Gold nanoparticles are among the most important compounds in the medical field. There have been numerous studies on the treatment of important parasitic diseases such as leishmaniasis and malaria that have shown successful results. In addition, applying these nanoparticles for identifying different parasites has also been studied and confirmed. Gold nanoparticles have been shown to have a highly stable and adaptable structure for drug delivery, which has increased the interest in these nanoparticles [64,65].
In the recent study by Napooni on the protoscolicidal effects of this nanoparticle, we observed that the highest lethal effect was at 60-min exposure to protoscoleces with 4000 μg/mL gold nanoparticles. Furthermore, the cytotoxicity of this compound was found to be low at all concentrations. Ultrastructure changes in the tegument, shape of the sucker, size, and DNA fragmentation were also observed in protoscoleces [26]. Another study in 2016 on these nanoparticles by Barabadi et al. showed that the in vitro use of 300 μg/mL of these nanoparticles compared to other groups (groups receiving 5% normal saline and concentrations of 50, 100, and 200 μg/mL gold nanoparticles) had the highest removal rate of protoscoleces in 2 h [25]. In a recent study by Çolak et al., the protoscolicidal activity of AuNPs at concentrations of 0.4 and 0.8 mL and three laser powers including 30, 50, and 150 mW were evaluated for 30, 60, and 120 min. They found that 89.3% of the protoscoleces was killed after treatment with AuNPs under high dose (150 mW) laser power for 120 min, indicating that increasing the dose of AuNPs or laser power or used time increased the mortality rate of protoscoleces [43].
Malekifard et al. (2017) also investigated the protoscolicidal effects of these nanoparticles. Protoscolicidal effects of gold nanoparticles were studied in vitro at concentrations of 250, 500, and 1000 μg/mL for 5 to 60 min in contact with hydatid cyst fluid. Gold nanoparticles at all concentrations used had significant protoscolicidal effects compared to the control group, so that all the protoscoleces in contact with the concentration of 1000 μg/mL were eliminated within 1 h [27].

4.9. Non-Metal NPs

ABZ-Loaded Nanoparticles

In a study in 2008, Truong Cong et al. evaluated the diffusion ability of ABZ nanoparticles and increased drug concentration in hydatid cysts. A good correlation was observed between the permeation coefficient and partition coefficient. The drug release from the nanoparticles through the hydatid membrane was improved compared to the soluble ABZ and showed sufficient entrapment efficiency to increase the apparent solubility of ABZ [42].

4.10. Metal Oxide NPs

4.10.1. Zinc Oxide Nanoparticles

ZnO nanoparticles are non-toxic and compatible with body skin. Properties such as skin adaptation, non-toxicity, antimicrobial, antiparasitic, and antifungal activity have made these nanoparticles a widely-used and important compound in manufacturing medicine. These nanoparticles, without toxic effects on healthy cells, induce death in cancer cells; studies have shown that these nanoparticles can be used for gene delivery [66,67].
Norouzi et al. recently investigated the protoscolicidal effects of zinc oxide nanoparticles for the first time. At 50 and 100 mg/mL concentrations, the highest protoscolicidal effects of this compound were observed in 10 min of zinc oxide and protoscolece nanoparticles exposure, which was 19.6% (very weak) and with no increase in performance over time; it was a low percentage, indicating this compound was not suitable for use in hydatid cyst surgery [28]. In another study on this nanoparticle in 2015 by Razi Jalali et al., the protoscolicidal effects of zinc oxide and ABZ, Echinacea purpurea, and Sambucus ebulus nanoparticles were investigated, which revealed a decrease in size, volume, and number of cysts in all the compounds [37].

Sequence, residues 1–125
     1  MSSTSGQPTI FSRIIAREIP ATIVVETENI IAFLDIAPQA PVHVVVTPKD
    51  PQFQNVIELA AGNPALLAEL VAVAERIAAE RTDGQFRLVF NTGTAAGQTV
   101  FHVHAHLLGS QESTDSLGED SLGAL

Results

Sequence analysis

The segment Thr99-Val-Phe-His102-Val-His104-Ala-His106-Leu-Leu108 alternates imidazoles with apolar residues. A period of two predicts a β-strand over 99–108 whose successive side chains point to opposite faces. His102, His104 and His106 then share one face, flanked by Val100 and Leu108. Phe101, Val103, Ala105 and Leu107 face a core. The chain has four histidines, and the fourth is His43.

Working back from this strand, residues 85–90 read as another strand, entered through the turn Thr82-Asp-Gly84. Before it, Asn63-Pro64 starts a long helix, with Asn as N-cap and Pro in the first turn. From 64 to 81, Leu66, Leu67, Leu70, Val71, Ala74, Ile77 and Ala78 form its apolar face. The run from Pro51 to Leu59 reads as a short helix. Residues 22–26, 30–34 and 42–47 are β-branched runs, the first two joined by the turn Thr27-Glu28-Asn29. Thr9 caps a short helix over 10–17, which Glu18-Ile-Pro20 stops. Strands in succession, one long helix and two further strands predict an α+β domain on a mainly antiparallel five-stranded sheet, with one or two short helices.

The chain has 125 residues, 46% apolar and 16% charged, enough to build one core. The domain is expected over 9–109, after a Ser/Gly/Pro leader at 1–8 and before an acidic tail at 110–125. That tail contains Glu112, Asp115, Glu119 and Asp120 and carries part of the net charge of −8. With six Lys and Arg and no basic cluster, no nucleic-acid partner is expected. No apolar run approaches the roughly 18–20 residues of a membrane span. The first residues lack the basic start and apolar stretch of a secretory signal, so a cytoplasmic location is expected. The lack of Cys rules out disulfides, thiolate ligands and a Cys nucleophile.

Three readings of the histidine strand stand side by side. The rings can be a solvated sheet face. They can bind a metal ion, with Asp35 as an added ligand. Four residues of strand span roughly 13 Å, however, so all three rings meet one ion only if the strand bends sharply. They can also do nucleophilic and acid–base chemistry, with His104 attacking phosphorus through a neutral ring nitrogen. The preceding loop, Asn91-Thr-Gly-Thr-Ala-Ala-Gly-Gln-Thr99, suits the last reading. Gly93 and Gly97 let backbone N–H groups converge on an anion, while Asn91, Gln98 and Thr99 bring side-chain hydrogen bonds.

4.10.2. Titanium Dioxide (TiO2) Nanoparticles

TiO2 nanoparticles are considered as one of the most widely used nanoparticles in various industries such as cosmetics, food, and pharmaceuticals, since they have some physicochemical properties such as non-toxicity, cost-effectiveness, anticorrosive, high stability, photocatalytic properties, etc. These compounds kill cells by inactivating germ cell and DNA enzymes as well as by removing fluids from bacterial cells. Other uses of these compounds include treating and diagnosing cancer [68,69,70]. Navvabi et al. (2019) recently investigated the in vitro and in viovo protoscolicidal effects of Echinometra mathaei (sea urchin gonad) extract alone or combined with TiO2 NPs. Their results showed that sea urchin gonad extract at the concentration 15 μg/mL, especially in combination with TiO2, killed 84% of the protoscoleces after 60 min exposure in vitro. On the other hand, oral administration of infected mice with the combination of the gonad extract + TiO2 for three months demonstrated higher efficacy by reduction in number, size and volume of the hydatid cysts in comparison to the control group [29].

4.10.3. Cerium Dioxide Nanoparticles

Cerium (Ce) is one of the rare-earth elements that, because of its special structure, has expended its use. Other features include its cost-effectiveness. Many studies have investigated the benefits of this nanoparticle, such as antimicrobial, anti-cancer, treatment, and antioxidant activities [71,72]. In a study by Aryamand et al. (2019), the in vitro and in vivo protoscolicidal effects of Holothuria leucospilota extract alone, CeO2 nanoparticles alone, and extract combined with CeO2 NPs were investigated for 10 to 60 min. In vitro results showed that the most protoscolicidal effects were reported for extract (70% at 20 mg/mL for 60 min), followed by the combination of this extract and Ce nanoparticles (63% in 15 mg/mL concentration for 1 h). Furthermore, in vivo assay demonstrated that all three compounds significantly reduced the number and size of the hydatid cysts compared to the control group that received no treatment [30].